Materials and methods

This prospective study was conducted from first of December 2009 to first of December 2011. All 25 children below 15 years of age, with newly diagnosed immune thrombocytopenia (ITP), admitted to the pediatric ward in Al-Saader Hospital, Missan Province, were included. The patients were diagnosed, treated and followed up closely.The patients have followed up period for at least 6 months and median duration of follow- up was 10 months (range 6 – 24 months).

An especially designed questionnaire was used to collect initial socio demographic, clinical and laboratory data of the studied children at diagnosis. The initial data of patients like, gender, age, residence,season of occurrence, onset of symptoms, preceding acute viral illness within 6 week before presentation, platelets count, site of the bleeding, and types of treatment were recorded. The medical records of studied patients were reviewed to determine the disease course.

The diagnosis of ITP was determined based on detailed history, physical examination; a complete blood count revealing isolated thrombocytopenia (platelet count < 100×109/L), normal hemoglobin concentration, white blood cell count and peripheral blood smear, and absence of underlying conditions and malignancy cases were also considered as inclusion criteria.
 Blood counts were done by a Coulter Analyzer. Bone marrow aspiration was performed in all children presenting with typical features of acute ITP, mainly to rule out other causes of thrombocytopenia.Chronic ITP was defined as thrombocytopenia (platelet count < 100×109/L) persisting for longer than 6 months after diagnosis of acute ITP.We investigated possible correlation between the initial clinical and laboratory features, and types of treatment with event of chronicity of the disease. Fisher’s exact test was used for analysis of the effect of variables on this disease, P value less than 0.05 regarded to be significant. The statistical analysis had been done by using SPSS version 16.


Results

There were a total of 25 pediatric patients who met the criteria of acute primary ITP during the study period. Their socio demographic, clinical and laboratory data, and types of treatment are described in Table 1. Immune thrombocytopenia was more common among males (64%, 16 patients) than females (36%, 9 patients), with male to female ratio was 1.7:1. The patients age range was between 1 – 15 years, with median age = 4.8 years, and mean age at diagnosis of 5.9 years (SD = 3.6). ITP was more prevalent among children in the 1-5-year group. About two thirds of the patients (60%, 15 patients) were in this age group, followed by children in the 6-10-year group (24%, 6 patients). About two thirds of patients (60%, 15 patients) that diagnosed with ITP were lived in urban area. Higher number of newly diagnosed ITP occurred in spring (44%, 11 patients), followed by winter (24%, 6 patients), and lowest occurrence was reported in autumn (12%, 3 patients). About three quarters of patients (72%, 18 patients) were presented initially as abrupt onset. A total of 19 (76%) of the cases had an acute viral illness within 6 weeks of ITP onset. These illness included mainly (72%, 18 patients) upper respiratory tract infections, and only one case (4%) chicken pox. The mean platelet count at diagnosis was 13.200 x109/L (range 5 – 50x109/L) and the median value was 10 x109/L. At initial presentation, the majority of patients (84%, 21 patients) presented with platelet count below 20x109/L, and only (4%, 1 patient) presented with count 50 x109/L.Clinical features of bleeding were assessed by location (skin, nose, oral cavity, gastrointestinal tract, and urinary tract).Petechiae and/or bruising were the most common (92%, 23 patients) clinical features among children diagnosed with ITP followed by epistaxis (44%, 11 patients) and oral bleeding (32%, 8 patients). Other bleeding sites such as from gastrointestinal tract (20%, 5 patients) and urinary tract (4%, 1 patient) are less common.None of the patients developed intracranial hemorrhage (ICH) at diagnosis or during follow – up period. (Figure 1). All of newly diagnosed ITP children were admitted to the hospital, and majority of patients (96%, 24 patients) were received at least 1 medication for their ITP. Of those who received medication, 15 patients (60%) were treated with intravenous immunoglobulin (IVIG), 6 patients (24%) were treated with oral steroid, and 3 patients (12%) received both medications. One patient (4%) was treated conservatively by observation alone after discussion with the family because he had mild bruising with platelet count 50 x109/L at presentation. Supportive care was provided in the form of tranexamic acid to 16% (4 patients) of all the children, including 2(8%) patients with epistaxis in addition to nasal package, and 2(8%) patients with gingival bleeding. None of the patients underwent splenectomy at diagnosis or during follow – up period.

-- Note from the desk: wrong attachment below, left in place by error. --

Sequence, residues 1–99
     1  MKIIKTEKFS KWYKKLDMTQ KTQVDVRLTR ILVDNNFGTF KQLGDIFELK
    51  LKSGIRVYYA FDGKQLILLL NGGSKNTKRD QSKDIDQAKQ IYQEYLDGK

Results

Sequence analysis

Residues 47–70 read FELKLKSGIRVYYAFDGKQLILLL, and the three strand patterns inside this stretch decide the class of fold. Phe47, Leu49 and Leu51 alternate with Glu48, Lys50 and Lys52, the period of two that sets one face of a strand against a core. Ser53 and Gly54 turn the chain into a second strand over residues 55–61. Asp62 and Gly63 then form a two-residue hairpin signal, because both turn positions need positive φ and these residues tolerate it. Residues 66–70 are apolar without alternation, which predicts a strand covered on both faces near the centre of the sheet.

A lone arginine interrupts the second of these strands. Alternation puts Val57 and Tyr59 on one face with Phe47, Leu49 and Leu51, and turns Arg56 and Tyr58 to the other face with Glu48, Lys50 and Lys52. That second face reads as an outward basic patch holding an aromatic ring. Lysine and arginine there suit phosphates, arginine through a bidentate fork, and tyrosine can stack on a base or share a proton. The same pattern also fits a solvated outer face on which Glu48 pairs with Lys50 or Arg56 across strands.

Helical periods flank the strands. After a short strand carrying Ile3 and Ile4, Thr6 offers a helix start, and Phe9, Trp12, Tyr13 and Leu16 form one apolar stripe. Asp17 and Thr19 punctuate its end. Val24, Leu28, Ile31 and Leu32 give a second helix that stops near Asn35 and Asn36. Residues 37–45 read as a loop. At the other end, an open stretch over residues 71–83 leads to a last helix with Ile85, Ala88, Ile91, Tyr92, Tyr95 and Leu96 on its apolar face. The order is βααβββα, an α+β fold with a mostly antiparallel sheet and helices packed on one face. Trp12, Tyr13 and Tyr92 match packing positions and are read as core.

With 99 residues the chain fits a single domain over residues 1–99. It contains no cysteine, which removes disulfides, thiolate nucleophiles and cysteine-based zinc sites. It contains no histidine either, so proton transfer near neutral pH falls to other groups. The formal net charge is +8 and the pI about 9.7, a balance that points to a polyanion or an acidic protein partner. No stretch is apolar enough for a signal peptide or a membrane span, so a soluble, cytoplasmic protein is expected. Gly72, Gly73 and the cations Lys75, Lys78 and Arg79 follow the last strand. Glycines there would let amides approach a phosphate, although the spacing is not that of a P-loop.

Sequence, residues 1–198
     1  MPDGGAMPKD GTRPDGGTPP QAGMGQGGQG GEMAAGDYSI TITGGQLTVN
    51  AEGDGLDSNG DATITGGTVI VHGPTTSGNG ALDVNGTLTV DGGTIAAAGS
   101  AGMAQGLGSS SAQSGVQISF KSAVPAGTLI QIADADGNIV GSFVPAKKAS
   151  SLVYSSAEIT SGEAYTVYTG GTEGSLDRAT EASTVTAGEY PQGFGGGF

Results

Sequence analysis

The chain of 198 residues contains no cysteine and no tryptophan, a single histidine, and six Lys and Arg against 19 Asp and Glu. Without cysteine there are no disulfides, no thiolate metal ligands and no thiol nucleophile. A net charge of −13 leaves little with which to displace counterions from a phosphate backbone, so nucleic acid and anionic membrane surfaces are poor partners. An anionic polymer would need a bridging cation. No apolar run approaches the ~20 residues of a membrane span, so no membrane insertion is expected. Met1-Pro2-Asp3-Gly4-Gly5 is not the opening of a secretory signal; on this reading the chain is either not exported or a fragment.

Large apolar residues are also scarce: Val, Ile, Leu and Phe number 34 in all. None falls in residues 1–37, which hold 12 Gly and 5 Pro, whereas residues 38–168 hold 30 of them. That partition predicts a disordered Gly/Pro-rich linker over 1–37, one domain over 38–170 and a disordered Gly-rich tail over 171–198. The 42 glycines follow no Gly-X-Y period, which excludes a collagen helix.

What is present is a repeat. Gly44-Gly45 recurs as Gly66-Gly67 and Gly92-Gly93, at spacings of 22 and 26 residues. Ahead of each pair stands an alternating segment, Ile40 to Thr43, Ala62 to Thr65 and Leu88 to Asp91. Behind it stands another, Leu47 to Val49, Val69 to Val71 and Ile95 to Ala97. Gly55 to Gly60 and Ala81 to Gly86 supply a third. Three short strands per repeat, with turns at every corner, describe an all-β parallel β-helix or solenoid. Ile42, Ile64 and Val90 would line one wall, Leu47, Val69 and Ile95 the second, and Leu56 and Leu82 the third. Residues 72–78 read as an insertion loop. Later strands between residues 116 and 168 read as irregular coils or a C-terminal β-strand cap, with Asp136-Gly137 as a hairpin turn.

Discussions